• The season one episode, "A Time to Hate", features the fatal beating of a college baseball star outside a underground club after a raid. And then there's the heartbreaking ending scene...
  • Dark Angel. Original Cindy's one serious girlfriend onscreen, Diamond, dies of being used as a disease lab rat. At least she took her murderer with her. Original Cindy herself survived, however.
  • Days of Our Lives celebrated its fiftieth anniversary with a gruesome serial killer story and the gratuitous murder of legacy gay character Will Horton, after which his husband was Put on a Bus. There was ferocious backlash from cast members, the soap press and fans, many of whom thought the moment was an obvious attempt to appease conservative viewers who had returned for the 50th Anniversary. Ratings went down after a brief exploitation bump, and after a few years, Will was brought back from the dead. The new head writer at that time admitted Will was being resurrected to repair some of the damage to the show's reputation.
  • Degrassi has Adam, a trans boy, who is seemingly about to start a storyline about him taking hormones to transition, when he is killed in a car accident for an Aesop about texting and driving.
  • Dirty Sexy Money killed off its transgender character Carmelita, who was played by real life trans woman Candis Cayne. Making it even worse was that the show had just been canceled, giving the impression that they just had to get that death in before it was over. Viewers had had their eyes on the show right from the start as well, as in the pilot episode Cayne's voice was digitally lowered an octave. Word of God explained that Cayne is so convincing as a woman that they were afraid the audience wouldn't get that the character used to be a man.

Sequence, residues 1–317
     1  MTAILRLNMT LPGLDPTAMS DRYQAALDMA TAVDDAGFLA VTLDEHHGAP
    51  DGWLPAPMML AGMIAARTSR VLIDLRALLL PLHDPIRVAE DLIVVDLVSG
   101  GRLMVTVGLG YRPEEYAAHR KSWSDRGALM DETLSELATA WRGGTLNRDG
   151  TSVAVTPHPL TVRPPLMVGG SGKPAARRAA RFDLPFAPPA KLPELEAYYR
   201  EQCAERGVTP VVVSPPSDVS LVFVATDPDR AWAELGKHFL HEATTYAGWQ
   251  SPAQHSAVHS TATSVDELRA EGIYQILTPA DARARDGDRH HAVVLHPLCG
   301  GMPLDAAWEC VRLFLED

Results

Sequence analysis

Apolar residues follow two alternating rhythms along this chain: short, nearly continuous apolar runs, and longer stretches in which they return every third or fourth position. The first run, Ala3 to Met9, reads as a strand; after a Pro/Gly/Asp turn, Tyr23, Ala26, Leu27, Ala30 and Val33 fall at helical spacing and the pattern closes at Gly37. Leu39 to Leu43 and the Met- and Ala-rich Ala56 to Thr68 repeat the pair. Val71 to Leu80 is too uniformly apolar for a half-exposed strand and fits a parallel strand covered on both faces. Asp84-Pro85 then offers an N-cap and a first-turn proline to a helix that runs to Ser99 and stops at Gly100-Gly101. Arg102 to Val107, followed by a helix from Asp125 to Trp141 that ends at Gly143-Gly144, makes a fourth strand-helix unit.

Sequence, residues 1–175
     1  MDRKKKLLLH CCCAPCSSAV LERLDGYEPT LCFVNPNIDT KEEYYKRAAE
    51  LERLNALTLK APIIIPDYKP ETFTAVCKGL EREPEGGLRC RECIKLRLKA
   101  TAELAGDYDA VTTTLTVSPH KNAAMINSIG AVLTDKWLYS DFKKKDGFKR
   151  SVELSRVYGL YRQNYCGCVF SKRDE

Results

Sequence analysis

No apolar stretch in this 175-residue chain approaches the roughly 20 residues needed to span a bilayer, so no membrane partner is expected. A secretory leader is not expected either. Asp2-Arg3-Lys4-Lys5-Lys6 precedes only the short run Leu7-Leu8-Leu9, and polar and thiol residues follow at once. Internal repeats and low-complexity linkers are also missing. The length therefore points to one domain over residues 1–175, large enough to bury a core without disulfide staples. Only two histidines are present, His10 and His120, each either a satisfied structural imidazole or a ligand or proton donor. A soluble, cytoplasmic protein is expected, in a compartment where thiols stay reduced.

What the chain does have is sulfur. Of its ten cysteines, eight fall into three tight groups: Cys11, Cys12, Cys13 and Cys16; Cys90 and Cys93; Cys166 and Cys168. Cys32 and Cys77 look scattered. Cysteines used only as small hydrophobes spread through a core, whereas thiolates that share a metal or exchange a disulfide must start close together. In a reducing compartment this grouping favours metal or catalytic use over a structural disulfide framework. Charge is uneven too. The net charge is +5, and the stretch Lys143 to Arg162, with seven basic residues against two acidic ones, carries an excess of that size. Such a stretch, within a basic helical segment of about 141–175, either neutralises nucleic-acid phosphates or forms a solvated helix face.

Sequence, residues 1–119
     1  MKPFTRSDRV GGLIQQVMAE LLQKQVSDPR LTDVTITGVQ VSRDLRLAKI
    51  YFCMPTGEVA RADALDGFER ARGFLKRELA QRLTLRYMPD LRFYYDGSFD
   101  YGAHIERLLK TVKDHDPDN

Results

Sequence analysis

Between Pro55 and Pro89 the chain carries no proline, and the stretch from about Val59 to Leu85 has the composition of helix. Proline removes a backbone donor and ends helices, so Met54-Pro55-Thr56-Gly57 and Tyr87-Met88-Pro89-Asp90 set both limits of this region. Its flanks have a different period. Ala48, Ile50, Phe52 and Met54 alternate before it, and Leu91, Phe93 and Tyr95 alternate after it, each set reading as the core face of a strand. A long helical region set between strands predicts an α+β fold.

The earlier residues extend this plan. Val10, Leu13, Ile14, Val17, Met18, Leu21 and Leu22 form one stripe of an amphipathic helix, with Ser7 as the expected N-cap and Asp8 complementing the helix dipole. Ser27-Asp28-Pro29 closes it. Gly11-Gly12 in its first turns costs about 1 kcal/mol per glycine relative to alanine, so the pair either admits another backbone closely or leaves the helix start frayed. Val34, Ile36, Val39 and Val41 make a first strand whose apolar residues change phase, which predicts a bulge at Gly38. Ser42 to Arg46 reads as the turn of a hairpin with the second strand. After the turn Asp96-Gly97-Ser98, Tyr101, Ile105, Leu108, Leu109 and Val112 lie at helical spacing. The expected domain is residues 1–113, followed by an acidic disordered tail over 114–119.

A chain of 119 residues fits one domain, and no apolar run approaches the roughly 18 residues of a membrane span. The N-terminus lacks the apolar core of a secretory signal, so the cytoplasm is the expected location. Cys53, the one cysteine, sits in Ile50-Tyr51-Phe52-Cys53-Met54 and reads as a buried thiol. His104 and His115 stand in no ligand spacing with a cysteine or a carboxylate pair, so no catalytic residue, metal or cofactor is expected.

• Doctor Who:
    • The final serial of the original series, "Survival", has Ace falling in love with Karra, and they have many Lesbian Moments before Karra is summarily dispatched.
    • Captain Jack Harkness is a subversion. In Series 1, he was the token Extreme Omnisexual, and he was killed by the Daleks in the season's finale. However, thanks to Rose becoming the Bad Wolf Entity, Jack is brought back to life... and also turned immortal, meaning he can't die. At least, not permanently.
    • "The Unicorn and the Wasp" has Roger, the son of a wealthy family who was in a secret relationship with servant Daniel. Roger is the last victim of the Wasp to be murdered before the Doctor figures out who the killer's identity is.
    • "Midnight": Sky Silvestry, the only character in the episode confirmed to be gay, is possessed and eventually killed.
    • During Series 9, hints are dropped that Clara Oswald might be bisexual. Although this is never actually confirmed directly, the second episode to include a reference, "Face the Raven", has Clara Killed Off for Real soon after. But this being Doctor Who, the trope is actually inverted two episodes later in "Hell Bent", when she is not only revived but made immortal, though she must still face her established death at some point in her extended life.
    • The beginning of Series 10 led to immediate complaints of this from some fans about the fate of Heather, a girl whom new lesbian companion Bill starts getting interested in — and who immediately accidentally merges with an alien entity and starts pursuing Bill in a rather Psycho Lesbian way. However, Pilot!Heather left peacefully at the end of the episode.